Posted: Monday, March 27th, 2017
The California Science Teachers Association (CSTA) stands with our science and science education colleagues in endorsing the March For Science and its associated activities.
The decision by the CSTA Board of Directors to support the March for Science was based on the understanding that this is an opportunity to advocate for our mission of high quality science education for all and to advance the idea that science has application to everyday life, is a vehicle for lifelong learning, and the scientific enterprise expands our knowledge of the world around us. The principles and goals of the March for Science parallel those of CSTA to assume a leadership role in solidarity with our colleagues in science and science education and create an understanding of the value of science in the greater community. CSTA believes that the integrity of the nature of science and that the work of scientists and science educators should be valued and supported. We encourage your participation to stand with us.
There are over 30 satellite marches planned for the April 22, 2017 March for Science in California (to find a march near you, click on “marches” in the upper right of the main page, select “satellite marches” and use the search feature). We encourage members who participate in the March for Science to share their involvement and promotion of science and science education. Feel free to promote CSTA on your signs and banners. For those on social media, you may share your involvement via Twitter, @cascience and our Facebook groups.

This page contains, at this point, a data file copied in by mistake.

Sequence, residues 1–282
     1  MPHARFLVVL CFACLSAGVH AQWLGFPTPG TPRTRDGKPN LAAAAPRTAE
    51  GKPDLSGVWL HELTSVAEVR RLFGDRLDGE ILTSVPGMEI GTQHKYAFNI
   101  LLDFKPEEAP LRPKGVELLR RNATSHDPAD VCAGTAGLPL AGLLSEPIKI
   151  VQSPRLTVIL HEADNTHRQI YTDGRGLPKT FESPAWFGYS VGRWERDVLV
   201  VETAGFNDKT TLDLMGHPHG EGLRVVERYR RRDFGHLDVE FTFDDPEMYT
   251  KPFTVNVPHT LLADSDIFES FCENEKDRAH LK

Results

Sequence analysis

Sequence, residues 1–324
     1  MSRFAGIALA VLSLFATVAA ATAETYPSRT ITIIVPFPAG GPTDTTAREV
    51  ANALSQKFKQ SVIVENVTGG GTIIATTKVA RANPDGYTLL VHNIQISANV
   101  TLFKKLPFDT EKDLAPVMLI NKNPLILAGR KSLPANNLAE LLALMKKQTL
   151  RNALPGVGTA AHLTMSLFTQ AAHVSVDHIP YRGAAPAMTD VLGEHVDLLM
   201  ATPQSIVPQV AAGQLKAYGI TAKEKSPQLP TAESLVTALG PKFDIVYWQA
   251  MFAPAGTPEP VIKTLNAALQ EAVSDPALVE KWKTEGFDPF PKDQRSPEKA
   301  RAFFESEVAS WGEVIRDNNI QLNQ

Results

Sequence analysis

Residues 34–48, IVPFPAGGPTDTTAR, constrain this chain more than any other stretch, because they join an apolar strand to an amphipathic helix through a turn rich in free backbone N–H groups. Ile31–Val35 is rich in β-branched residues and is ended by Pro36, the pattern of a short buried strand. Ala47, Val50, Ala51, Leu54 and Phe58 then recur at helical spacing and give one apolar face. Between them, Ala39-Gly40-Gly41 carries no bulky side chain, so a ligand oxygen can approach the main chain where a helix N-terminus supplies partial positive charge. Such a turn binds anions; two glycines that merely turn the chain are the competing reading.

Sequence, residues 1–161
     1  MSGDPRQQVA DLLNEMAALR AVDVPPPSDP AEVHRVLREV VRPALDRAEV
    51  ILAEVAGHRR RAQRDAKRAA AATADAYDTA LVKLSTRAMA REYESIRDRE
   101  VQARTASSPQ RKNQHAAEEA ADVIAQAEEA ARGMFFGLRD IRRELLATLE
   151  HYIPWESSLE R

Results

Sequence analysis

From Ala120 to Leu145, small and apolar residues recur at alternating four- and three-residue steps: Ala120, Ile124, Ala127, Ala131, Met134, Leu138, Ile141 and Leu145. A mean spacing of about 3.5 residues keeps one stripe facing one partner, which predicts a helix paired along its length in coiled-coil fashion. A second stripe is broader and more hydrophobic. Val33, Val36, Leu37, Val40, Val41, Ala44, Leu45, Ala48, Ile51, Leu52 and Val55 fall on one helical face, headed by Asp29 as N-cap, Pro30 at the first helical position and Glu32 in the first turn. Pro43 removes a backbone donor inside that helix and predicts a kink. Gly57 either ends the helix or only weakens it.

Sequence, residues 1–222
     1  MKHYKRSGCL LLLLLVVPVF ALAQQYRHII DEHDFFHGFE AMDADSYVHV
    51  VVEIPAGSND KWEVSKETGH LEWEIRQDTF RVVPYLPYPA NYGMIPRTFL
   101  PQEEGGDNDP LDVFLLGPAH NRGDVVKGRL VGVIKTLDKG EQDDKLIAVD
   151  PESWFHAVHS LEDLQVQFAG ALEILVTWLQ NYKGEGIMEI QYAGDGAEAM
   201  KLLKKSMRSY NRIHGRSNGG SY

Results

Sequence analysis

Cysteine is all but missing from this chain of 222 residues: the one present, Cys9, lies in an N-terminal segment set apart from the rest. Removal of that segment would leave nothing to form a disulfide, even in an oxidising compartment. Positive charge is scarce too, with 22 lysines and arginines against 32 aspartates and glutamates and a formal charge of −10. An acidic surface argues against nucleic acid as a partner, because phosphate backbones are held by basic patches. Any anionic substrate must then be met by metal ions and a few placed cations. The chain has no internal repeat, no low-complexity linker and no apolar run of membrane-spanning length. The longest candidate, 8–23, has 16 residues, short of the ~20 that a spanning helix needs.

Posted: Tuesday, March 14th, 2017
The pre-publication version of the new California Science Curriculum Framework is now available for download. This publication incorporates all the edits that were approved by the State Board of Education in November 2016 and was many months in the making. Our sincere thanks to the dozens of CSTA members were involved in its development. Our appreciation is also extended to the California Department of Education, the State Board of Education, the Instructional Quality Commission, and the Science Curriculum Framework and Evaluation Criteria Committee and their staff for their hard work and dedication to produce this document and for their commitment to the public input process. To the many writers and contributors to the Framework CSTA thanks you for your many hours of work to produce a world-class document.
For tips on how to approach this document see our article from December 2016: California Has Adopted a New Science Curriculum Framework – Now What …? If you would like to learn more about the Framework, consider participating in one of the Framework Launch events (a.k.a. Rollout #4) scheduled throughout 2017.